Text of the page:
Amazon has announced Kindle Library Lending. Planned to launch later this year, it will allow Kindle users to borrow e-books from their local libraries in the U.S.
When Amazon introduced the Kindle lending facility Kindle users quickly responded to form online lending clubs to borrow and lend Kindle titles. Now Amazon has partnered with OverDrive, the main e-book distributor for libraries, to bring Kindle e-books to more than 11,000 libraries in the U.S.
Kindle users, including users of the free Kindle apps on Android, iPad, iPod touch, iPhone, PC, Mac, BlackBerry, or Windows Phone, will at last be able to check out an ebook.
The normal restriction that a book can only be loaned to one customer at a time will apply but extending e-book loans to Kindle users, in addition to those using Sony's Readers and Barnes & Noble's nook who already have this facility, seem to be good for libraries as well as for e-books.
Commenting on the impact on libraries Carrie Russell, public access program director for the American Library Association said (TechFlash) :
"This increases the accessibility for all those library users who got Kindles last Christmas, more access always is good for libraries."
Libraries cannot directly purchase ebooks from Amazon, Russell explained, over concerns that publishers would lose sales because people would share the electronic files:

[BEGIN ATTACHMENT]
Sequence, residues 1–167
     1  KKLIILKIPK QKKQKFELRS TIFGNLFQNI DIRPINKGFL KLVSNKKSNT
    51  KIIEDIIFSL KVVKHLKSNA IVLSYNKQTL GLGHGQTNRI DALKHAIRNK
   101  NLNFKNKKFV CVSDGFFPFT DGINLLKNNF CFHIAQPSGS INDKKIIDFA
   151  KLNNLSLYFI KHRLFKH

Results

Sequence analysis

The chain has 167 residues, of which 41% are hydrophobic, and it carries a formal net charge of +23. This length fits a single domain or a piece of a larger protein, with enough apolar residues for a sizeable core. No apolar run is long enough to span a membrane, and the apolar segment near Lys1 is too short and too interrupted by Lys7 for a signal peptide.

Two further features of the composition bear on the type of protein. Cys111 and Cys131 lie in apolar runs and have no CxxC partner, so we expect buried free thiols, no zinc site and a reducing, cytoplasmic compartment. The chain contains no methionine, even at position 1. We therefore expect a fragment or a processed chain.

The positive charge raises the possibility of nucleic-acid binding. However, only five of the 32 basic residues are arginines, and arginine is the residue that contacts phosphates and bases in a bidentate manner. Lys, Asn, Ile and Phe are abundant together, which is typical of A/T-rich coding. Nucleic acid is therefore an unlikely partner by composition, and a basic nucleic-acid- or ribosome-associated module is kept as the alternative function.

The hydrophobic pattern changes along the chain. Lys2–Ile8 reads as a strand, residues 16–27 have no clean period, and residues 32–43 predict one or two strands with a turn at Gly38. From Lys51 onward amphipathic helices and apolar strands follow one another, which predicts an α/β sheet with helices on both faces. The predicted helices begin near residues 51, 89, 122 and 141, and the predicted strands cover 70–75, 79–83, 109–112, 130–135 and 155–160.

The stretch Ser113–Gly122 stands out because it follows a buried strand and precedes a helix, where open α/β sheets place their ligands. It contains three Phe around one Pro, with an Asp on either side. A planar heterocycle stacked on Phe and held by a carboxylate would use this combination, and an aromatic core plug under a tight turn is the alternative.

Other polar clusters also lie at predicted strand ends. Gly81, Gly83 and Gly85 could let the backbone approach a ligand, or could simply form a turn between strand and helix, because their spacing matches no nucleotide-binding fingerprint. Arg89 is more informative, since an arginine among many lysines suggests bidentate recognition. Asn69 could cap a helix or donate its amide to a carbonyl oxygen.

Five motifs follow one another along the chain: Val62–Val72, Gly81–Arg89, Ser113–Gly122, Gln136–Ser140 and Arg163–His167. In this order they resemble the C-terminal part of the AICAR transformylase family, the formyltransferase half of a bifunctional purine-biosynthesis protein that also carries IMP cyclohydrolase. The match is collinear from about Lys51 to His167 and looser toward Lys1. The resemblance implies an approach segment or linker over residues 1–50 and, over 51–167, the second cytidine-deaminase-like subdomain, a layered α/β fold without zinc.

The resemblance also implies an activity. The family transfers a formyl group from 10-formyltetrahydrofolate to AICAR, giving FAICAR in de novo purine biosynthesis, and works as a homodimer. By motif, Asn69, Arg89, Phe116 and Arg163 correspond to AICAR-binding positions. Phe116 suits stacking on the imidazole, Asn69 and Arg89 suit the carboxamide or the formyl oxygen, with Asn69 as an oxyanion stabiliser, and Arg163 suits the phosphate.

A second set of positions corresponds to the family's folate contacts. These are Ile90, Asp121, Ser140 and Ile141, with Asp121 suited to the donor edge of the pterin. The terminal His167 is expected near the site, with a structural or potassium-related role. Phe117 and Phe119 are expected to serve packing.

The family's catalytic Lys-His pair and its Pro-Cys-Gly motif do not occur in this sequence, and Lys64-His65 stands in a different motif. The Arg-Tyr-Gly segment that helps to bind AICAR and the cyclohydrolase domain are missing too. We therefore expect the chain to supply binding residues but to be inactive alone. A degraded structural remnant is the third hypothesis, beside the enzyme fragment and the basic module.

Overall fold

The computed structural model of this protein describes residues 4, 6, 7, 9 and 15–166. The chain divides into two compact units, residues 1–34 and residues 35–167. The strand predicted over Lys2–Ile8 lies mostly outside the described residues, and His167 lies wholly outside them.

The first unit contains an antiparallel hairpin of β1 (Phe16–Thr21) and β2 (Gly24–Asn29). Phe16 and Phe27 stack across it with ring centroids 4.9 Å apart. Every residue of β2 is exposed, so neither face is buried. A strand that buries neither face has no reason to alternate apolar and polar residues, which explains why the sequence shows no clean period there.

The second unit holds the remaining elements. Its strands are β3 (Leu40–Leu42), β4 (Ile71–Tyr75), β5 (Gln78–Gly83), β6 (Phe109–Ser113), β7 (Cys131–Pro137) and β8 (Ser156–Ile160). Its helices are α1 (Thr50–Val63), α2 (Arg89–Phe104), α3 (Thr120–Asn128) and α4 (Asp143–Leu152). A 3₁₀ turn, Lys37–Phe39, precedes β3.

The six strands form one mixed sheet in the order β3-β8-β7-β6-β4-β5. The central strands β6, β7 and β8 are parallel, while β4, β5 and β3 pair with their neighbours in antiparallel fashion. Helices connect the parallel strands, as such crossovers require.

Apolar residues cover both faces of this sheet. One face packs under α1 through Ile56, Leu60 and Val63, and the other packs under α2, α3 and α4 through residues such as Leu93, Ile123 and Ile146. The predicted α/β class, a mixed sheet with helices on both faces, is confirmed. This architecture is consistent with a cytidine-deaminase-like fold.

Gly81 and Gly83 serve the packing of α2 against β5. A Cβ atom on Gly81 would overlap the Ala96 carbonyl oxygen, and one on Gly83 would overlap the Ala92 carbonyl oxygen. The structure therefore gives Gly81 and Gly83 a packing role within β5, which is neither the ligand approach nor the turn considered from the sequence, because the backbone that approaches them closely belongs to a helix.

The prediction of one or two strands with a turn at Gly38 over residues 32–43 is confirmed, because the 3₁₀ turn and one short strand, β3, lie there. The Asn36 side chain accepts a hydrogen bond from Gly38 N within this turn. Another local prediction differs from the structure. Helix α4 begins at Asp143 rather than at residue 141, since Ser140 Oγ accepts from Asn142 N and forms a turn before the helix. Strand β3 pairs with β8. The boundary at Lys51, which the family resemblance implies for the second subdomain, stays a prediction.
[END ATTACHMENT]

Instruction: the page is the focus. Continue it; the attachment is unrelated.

"That's a misconception; there is no evidence showing people illegally share ebook files checked out from libraries."
One thing Kindle users will be able to do that other borrowers cannot is to add annotations while they read. Amazon is extending the Whispersync technology so that readers can highlight and add margin notes to Kindle library books.
"We're doing a little something extra here," said Jay Marine, director of Amazon Kindle. "Normally, making margin notes in library books is a big no-no. But we're extending our Whispersync technology so that you can highlight and add margin notes to Kindle books you check out from your local library."
The notes will not show up when the another library user checks out the book, but if the original reader borrows the book again or purchases it from Amazon, all the annotations and bookmarks will be preserved.
So if you borrow a book and find it indispensable you have an added incentive to buy the Kindle version for yourself.
Being able to borrow ebooks from a library at first seems like a sensible move but it doesn't help to redefine the role of the library in any modern sense. After all who needs a building to house ebooks or a local institution to permit borrowing? When you think about it more carefully it is all a little strange and part of the desire not to let things change just because books have gone digital - at last.
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